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Boethius and No End in Sight

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The Impact of De consolatione philosophiae on Early Modern German Literature from the Fifteenth through the Seventeenth Century: Andreas Gryphius and Johann Scheffler (Angelus Silesius)

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Previous scholarship has not considered the continued interest in the philosophical teachings by Boethius (d. 525) by early modern thinkers and poets. This article traces the continued flood of translations and editions of Boethius’s De consolatione philosophiae in Germany far into the seventeenth century and then unearths links between his philosophy and the sonnets by Andreas Gryphius and the epigrams by Johann Scheffler (Angelus Silesius). At first sight, we might not even recognize Boethian ideas in their poems, but the close analysis of images and concepts formulated in these German Baroque texts demonstrate strong similarities. Considering that Boethius was one of the important school authors even in the seventeenth century, it does not surprise us to discover direct echoes of his ideas in these literary reflections.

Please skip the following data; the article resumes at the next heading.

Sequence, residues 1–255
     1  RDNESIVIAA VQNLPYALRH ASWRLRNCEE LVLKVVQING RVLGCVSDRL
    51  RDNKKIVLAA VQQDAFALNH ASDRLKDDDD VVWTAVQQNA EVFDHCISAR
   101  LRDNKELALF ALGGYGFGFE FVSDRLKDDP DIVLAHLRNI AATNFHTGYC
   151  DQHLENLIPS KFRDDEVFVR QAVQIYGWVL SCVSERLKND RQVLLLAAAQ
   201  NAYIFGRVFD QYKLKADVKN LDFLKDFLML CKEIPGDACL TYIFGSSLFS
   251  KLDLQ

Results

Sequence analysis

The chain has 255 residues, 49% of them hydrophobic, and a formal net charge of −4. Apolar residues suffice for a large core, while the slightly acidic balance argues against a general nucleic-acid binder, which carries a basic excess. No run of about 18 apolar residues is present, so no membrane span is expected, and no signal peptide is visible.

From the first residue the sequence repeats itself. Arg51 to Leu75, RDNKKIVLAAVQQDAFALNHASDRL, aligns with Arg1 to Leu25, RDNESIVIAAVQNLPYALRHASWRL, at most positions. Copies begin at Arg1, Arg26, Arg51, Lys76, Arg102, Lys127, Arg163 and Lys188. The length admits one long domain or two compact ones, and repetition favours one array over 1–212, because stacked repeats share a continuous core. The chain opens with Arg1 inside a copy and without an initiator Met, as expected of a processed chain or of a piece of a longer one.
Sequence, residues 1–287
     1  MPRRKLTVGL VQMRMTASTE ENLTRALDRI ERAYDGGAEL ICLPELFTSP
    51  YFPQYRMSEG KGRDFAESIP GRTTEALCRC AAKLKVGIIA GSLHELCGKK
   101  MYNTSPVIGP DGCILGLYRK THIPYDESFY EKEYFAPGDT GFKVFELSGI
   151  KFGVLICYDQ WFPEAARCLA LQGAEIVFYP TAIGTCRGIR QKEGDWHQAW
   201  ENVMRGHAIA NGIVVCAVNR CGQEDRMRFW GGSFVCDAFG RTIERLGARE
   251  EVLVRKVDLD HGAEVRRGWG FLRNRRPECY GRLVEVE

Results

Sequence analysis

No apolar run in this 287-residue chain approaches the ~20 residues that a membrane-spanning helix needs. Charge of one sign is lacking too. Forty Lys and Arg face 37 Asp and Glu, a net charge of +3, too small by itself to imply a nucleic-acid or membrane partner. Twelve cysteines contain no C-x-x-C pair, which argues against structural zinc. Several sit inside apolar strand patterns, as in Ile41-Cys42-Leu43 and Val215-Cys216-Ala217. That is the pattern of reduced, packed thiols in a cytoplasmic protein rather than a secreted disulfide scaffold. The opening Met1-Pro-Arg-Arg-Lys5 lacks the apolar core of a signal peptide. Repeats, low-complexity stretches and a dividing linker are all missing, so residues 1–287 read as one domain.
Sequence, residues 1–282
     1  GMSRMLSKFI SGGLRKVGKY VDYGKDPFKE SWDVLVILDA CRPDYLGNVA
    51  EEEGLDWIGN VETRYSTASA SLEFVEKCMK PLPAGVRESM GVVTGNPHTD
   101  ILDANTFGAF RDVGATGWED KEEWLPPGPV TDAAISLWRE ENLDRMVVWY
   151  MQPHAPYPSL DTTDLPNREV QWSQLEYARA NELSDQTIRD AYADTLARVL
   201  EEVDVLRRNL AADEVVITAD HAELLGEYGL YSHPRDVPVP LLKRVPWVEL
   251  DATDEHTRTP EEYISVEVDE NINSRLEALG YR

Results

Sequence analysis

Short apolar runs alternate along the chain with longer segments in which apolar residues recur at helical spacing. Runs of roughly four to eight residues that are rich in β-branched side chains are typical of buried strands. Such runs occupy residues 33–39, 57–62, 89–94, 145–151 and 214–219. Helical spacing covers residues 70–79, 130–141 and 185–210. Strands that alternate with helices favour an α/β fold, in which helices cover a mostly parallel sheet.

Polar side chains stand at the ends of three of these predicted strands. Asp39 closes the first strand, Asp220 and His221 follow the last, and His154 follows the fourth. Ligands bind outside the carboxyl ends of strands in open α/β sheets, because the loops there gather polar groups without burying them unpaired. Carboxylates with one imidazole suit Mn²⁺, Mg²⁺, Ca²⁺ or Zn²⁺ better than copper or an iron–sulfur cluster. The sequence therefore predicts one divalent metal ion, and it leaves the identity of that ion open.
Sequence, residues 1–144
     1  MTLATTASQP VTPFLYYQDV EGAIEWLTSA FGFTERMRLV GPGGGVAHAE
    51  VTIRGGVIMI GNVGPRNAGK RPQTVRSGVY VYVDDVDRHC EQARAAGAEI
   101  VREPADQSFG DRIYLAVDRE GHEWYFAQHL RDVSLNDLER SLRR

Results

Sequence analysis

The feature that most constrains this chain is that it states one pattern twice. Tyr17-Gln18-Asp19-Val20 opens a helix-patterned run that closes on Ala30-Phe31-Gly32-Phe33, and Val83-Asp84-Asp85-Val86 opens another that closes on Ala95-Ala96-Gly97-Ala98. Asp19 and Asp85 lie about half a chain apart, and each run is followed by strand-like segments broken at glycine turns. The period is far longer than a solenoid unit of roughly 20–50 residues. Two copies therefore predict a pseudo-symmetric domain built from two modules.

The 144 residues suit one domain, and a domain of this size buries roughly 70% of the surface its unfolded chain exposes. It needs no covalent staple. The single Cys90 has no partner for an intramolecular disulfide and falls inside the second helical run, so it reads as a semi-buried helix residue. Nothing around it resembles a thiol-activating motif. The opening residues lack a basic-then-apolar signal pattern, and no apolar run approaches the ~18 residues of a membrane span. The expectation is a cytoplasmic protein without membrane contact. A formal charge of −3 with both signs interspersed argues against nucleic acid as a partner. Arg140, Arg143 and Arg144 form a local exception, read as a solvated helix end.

Affiliations: 1: University Distinguished Professor, University of Arizona, Tucson, USA,


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